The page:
Date of Award:


Document Type:


Degree Name:

Doctor of Philosophy (PhD)


Instructional Technology and Learning Sciences

Committee Chair(s)

Joanne P. Bentley


Joanne P. Bentley


Barry Franklin


Ronda Callister


J. Nicholls Eastmond


Victor Lee


The quest to comprehend how cultural differences can impact learning is one of those intriguing challenges that continue to beguile some scholars and educational leaders even at a time that is characterized as globalized. This dissertation is a qualitative case study about teaching to culturally diverse populations and is primarily based on the interviews of seven accountants designated as instructors and the direct observation of those instructors while teaching accounting principles to other accountants. The English language was used despite the fact that all participants, including the instructors, spoke English as a second or third language and came from diverse cultures around the world. It brings to light how an American company (American World Trade or AWT) felt they succeeded in teaching to the diverse population of students though not purposely providing accommodations for the diverse cultural differences in the classroom. During the year 2009, AWT took the materials USU developed around the world and presented conferences in regional offices of Bangkok, Budapest, Santo Domingo, Pretoria, and San Salvador. The pilot study interviews took place at the end of 2009. This study was based on the conference that took place in February 2010 in which 16 of the 70 countries were represented. This dissertation does several things: First, it looks at the cultural dimensions of students and instructors from 16 different countries, in an international setting, and examines if lack of knowledge about cultural dimensions and accommodating for them could interfere with learning. Second, it looks at the strategies and behaviors used by the instructors who were not knowledgeable of cultural dimensions to reveal if they were unconsciously adapting their teaching for the culturally diverse. Third, this study offers an in-depth look at several additional factors, including cultural intelligence (CQ), which could explain their ostensible teaching successes.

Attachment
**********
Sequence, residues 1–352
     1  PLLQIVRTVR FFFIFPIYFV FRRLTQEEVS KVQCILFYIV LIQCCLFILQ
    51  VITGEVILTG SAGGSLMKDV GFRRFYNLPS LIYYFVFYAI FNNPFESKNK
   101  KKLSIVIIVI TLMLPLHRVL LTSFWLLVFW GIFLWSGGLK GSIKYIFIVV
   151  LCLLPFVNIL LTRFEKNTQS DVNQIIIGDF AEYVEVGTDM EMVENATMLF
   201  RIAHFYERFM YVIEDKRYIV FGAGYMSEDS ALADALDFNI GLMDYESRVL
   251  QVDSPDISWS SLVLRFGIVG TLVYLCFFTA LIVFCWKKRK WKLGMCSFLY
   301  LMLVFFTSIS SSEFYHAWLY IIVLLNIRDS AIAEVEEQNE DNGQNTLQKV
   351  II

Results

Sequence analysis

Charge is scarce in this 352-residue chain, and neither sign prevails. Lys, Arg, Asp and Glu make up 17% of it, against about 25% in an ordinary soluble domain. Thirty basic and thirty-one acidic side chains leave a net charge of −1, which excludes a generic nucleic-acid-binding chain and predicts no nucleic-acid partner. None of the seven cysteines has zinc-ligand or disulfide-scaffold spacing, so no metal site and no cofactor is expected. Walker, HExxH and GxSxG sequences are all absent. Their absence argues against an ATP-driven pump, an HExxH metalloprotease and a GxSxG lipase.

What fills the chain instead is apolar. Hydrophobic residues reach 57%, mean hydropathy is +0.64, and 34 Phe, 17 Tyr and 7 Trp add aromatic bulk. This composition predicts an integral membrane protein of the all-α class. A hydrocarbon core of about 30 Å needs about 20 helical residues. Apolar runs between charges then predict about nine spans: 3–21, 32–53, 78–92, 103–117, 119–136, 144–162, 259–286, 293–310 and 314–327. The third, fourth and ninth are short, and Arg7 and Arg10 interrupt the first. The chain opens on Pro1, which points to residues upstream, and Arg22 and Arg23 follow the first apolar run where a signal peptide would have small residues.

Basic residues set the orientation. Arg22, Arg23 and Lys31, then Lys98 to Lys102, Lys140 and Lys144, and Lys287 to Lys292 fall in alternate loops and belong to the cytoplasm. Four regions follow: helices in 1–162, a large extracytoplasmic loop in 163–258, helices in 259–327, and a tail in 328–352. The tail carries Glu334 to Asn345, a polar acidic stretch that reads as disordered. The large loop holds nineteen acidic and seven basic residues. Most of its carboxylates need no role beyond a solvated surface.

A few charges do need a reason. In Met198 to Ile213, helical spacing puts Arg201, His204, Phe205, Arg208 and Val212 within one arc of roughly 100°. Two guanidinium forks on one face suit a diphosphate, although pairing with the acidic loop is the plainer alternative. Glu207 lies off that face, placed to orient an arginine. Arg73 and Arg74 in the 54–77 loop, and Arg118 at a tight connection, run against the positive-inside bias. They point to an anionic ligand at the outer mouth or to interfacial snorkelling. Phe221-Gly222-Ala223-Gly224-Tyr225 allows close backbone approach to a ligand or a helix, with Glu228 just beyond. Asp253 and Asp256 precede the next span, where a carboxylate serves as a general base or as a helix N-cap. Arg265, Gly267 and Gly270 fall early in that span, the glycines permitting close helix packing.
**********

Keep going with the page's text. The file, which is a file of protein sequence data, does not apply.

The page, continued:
This work made publicly available electronically on February 14, 2011.